The importance of national dialogue, in the absence of which we lapse into a conflict that depletes all energy, cannot be overemphasised; hence calls for change, for reform of the constitution, for new parties to be established, for emergency laws to be annulled so all political trends can participate in the democratic process without fear and without attempting either to retain power for life.
I also wish to express admiration for Minister of Culture Farouk Hosni [Faaroo’q Hunsny].
I am aware of the efforts expended by his ministry to restore Ancient Egyptian, Coptic and Islaamic monuments, and to safeguard antiquities from theft.
Like him, and like many from my generation, I know little about jurisprudential opinion on the issue of the ’hijaab. Referring to jurisprudential opinion is not a matter of asserting anyone’s monopoly over jurisprudence but a matter of rigour, the importance of which, as a literary critic, I am well aware.
In my field, without rigour, meaning knowledge of different approaches, theories and techniques of criticism, opinions can be no more than amateur impressionism.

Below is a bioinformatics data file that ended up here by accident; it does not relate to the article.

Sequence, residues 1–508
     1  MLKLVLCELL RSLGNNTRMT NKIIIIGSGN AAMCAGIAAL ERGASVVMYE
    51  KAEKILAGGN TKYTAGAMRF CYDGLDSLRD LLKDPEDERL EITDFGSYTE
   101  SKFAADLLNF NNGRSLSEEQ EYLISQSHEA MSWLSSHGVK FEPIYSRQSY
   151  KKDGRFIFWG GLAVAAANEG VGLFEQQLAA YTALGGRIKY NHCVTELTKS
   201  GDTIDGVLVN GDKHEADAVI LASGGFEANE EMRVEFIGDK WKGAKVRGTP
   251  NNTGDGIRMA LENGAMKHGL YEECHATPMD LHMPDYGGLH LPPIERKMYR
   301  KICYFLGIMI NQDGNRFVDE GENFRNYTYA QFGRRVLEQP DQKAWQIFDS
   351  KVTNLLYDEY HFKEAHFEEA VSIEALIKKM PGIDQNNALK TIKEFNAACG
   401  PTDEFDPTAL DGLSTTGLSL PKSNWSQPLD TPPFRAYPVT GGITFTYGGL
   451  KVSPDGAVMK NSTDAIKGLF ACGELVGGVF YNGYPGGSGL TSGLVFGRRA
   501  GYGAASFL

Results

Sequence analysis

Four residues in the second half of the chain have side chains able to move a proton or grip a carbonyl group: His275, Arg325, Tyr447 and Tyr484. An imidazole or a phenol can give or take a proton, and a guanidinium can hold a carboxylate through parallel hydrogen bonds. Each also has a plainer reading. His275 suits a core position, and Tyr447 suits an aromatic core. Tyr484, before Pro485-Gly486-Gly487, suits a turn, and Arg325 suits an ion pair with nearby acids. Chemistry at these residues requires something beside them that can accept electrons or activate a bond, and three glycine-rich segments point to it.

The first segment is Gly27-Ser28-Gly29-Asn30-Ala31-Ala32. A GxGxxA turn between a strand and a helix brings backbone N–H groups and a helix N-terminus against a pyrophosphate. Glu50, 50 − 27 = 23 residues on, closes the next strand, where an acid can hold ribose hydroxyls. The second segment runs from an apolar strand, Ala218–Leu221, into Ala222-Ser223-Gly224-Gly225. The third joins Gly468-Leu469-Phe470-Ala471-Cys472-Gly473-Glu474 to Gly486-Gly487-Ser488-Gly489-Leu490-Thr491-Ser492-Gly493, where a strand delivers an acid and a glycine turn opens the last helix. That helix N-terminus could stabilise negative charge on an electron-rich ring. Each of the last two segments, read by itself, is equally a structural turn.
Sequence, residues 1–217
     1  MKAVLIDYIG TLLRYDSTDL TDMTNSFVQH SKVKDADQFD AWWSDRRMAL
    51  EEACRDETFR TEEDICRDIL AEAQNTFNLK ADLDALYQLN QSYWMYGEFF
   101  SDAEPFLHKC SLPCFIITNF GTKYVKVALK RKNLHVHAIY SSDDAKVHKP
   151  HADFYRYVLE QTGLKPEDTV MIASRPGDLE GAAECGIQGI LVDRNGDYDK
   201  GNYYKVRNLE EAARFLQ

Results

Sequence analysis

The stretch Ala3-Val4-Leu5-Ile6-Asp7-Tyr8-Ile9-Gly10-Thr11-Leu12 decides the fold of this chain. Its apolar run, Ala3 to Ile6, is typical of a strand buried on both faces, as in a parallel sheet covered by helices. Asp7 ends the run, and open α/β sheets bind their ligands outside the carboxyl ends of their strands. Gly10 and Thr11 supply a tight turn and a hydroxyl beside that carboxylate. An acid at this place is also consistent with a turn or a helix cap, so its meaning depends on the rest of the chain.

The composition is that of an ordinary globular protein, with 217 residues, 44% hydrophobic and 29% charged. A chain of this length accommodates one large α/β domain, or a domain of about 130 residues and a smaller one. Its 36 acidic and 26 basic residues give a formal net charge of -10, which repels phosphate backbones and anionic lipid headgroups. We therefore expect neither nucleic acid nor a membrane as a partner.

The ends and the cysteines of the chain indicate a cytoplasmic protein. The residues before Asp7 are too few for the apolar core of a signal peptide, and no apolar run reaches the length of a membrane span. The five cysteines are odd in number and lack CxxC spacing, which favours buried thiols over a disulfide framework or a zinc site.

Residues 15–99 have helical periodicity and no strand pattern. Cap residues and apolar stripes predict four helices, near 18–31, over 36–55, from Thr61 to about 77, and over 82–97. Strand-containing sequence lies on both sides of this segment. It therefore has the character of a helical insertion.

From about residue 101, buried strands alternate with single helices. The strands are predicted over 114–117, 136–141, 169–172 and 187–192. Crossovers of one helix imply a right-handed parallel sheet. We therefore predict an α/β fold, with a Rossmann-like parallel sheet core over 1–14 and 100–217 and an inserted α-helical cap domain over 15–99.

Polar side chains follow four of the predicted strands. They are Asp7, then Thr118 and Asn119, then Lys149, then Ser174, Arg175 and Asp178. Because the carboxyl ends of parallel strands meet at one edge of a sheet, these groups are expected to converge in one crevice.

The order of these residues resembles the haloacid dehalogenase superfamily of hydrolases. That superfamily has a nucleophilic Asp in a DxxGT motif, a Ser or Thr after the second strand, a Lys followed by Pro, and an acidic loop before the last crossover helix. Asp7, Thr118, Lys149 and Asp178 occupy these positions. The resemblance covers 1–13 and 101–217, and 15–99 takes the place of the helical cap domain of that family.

And if the need for rigour is such in literary criticism, then how much more so when it comes to religious jurisprudence?
Hence I sought the opinion of a friend, not a man of religion but better informed on such issues than me, about the issue of the ’hijaab. Islaamic juridical tradition, he said, asserts that “when a woman reaches the age of menstruation the only parts of her body that might be revealed are her face and palms.
This view is generally supported by the following ’Qura~nic injunction: ‘And tell the believing women to lower their gaze and be mindful of their chastity, and not to display their charms [in public] beyond what may [decently] be apparent thereof; hence, let them draw their head coverings over their bosoms. And let them not display [more of] their charms to any but their husbands, or their fathers, or their husbands’ fathers, or their sons ... “ (Annoor: 31). There are other ’Qura~nic verses (Ala’hzaab: 33 and 59) that are in keeping with the above injunctions.